The first time around Shryock was ordered to stop his practices in 2013 after the Attorney General’s office had filed a lawsuit against him alleging he was committing charitable fraud. That order was now violated twice and then on Wednesday there was enough evidence to show that Shryock was the driving force behind a fundraising event that took place in fall of 2014.

In July 2013 a temporary restraining order against Shryock, Boobies Rock!  Inc., The Se7ven Group, and Say No 2 Cancer for deceiving consumers into thinking they were donating money to charity. In the latest claim, Shryock claimed to only be the wholesaler and consultant to the woman running the tour, but the judge found he was heavily involved in the tour’s day-to-day operations.

It’s deeply upsetting and almost unbelievable that a person could commit fraud for their own benefit in the name of charity. Remember to always take the extra steps of doing thorough research on any organization, or person claiming to collect for the organization before donating so that your money is finding it’s way into the right pockets.

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Organizations Resources

Phony Charities

Scam
IMG: via Shutterstsock

How many times have you gotten that annoying email from a “Nigerian Prince” who just has to give you millions of dollars?  If you just send him your bank account and social security number and some DNA from your first born child, the deal will be sealed.

Unfortunately, scams are everywhere.  As much as we would like to think that people are all good, honest citizens, there are plenty who will not hesitate to fool you.  In the process, they will try to take your money and even your identity.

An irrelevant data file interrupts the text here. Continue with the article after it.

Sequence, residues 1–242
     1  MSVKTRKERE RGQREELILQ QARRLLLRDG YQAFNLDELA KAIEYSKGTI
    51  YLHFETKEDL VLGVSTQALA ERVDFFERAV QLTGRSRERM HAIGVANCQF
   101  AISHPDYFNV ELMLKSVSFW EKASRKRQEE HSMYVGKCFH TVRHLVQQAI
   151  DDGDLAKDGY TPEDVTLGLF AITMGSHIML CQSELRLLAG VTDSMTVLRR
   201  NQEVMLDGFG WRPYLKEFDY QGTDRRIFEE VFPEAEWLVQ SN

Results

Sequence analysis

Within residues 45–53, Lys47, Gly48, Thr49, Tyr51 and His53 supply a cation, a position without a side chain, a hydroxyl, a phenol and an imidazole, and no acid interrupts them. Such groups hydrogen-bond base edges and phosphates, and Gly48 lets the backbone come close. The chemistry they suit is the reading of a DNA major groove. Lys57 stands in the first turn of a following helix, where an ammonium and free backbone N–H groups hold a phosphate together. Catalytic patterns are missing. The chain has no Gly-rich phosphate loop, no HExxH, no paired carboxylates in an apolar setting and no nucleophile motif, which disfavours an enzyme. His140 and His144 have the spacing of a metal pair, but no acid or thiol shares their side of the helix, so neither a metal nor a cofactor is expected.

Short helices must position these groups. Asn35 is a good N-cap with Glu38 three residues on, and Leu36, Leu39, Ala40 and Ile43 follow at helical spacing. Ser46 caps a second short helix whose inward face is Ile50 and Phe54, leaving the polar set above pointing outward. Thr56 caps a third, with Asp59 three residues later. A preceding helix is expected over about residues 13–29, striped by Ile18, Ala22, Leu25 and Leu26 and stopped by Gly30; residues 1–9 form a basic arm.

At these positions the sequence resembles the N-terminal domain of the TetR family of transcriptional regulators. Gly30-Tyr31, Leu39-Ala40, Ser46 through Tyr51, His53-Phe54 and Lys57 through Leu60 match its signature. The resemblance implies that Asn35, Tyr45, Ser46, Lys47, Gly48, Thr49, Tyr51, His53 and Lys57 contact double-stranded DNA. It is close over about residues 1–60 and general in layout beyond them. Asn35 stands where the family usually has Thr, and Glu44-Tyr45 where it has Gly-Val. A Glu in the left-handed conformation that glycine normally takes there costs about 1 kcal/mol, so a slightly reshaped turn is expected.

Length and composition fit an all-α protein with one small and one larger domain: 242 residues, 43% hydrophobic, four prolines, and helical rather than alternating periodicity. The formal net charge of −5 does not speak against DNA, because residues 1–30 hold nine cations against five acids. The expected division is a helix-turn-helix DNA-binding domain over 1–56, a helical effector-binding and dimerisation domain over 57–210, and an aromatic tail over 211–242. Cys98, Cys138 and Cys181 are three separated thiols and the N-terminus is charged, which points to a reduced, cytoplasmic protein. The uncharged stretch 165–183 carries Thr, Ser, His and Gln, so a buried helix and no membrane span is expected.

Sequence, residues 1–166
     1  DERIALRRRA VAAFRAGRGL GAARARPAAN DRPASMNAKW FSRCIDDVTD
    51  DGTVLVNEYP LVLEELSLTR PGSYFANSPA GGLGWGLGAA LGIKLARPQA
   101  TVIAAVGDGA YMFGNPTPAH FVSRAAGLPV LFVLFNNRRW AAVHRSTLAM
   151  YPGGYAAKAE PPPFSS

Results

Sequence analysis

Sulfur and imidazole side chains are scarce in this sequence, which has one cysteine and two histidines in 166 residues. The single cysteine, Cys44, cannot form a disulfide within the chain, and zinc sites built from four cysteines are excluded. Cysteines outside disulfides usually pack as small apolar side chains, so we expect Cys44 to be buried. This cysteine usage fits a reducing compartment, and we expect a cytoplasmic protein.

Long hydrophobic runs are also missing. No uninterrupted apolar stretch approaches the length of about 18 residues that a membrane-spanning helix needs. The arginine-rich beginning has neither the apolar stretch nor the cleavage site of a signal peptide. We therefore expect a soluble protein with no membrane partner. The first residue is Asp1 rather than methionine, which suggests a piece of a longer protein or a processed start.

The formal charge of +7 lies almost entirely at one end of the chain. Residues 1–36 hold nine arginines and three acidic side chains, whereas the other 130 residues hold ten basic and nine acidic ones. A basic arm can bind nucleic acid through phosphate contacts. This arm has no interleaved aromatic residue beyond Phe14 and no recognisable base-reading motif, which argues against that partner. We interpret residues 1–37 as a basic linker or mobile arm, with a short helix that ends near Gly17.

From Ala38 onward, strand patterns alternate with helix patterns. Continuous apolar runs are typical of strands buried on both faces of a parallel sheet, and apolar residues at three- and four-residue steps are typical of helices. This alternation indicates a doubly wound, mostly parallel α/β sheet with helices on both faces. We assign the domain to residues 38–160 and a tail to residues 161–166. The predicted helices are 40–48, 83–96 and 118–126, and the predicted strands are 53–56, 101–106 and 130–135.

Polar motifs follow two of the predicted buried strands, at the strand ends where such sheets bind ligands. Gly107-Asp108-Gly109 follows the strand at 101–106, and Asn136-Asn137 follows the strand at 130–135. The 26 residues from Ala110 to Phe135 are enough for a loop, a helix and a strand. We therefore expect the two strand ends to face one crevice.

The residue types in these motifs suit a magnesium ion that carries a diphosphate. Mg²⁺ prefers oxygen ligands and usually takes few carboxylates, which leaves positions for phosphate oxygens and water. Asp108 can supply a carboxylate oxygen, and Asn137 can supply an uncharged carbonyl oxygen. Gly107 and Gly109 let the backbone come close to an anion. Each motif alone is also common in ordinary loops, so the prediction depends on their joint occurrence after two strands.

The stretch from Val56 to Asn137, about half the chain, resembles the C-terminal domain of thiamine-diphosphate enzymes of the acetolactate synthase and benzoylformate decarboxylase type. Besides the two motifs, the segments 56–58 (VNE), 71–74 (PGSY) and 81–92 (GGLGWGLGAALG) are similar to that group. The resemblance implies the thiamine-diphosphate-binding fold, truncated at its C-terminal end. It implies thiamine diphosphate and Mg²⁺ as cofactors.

So, how do you spot a phony charity?  There are several things to look for.  Be wary of giving out any personal information over the phone.  It’s easy for someone to call you up and impersonate a legitimate organization.  How do you know if they’re really from the Red Cross if they are on the phone?

Second, ask for credentials.  Ask for a number you can call to verify their legitimacy.  Get their website address, supervisor’s name and EIN number (a number filed with the IRS). Call the Better Business Bureau to see if they have ever had any complaints filed against them.  It’s always better to be safe than sorry.

Avoid pushy people.  If they seem to be pressuring you to make a donation right away, run away.  What’s the rush?  Why do they need your money this instant?  That’s a red flag that something is not right.

Today’s fraudsters can look like anybody and everybody.  They may be well-spoken, well-dressed and may even claim to know your relatives.  Don’t fall for it just because they look and sound good.

Be aware that scams can take place over the phone, in the mail, via email or in person.  The perpetrators of this type of crime will make every effort to look, sound or seem real.

We’re not saying you should lose all faith in humanity.  Just be smart about your charitable giving.  Doing a little research to find out if an organization is legitimate will give you peace of mind in the long run.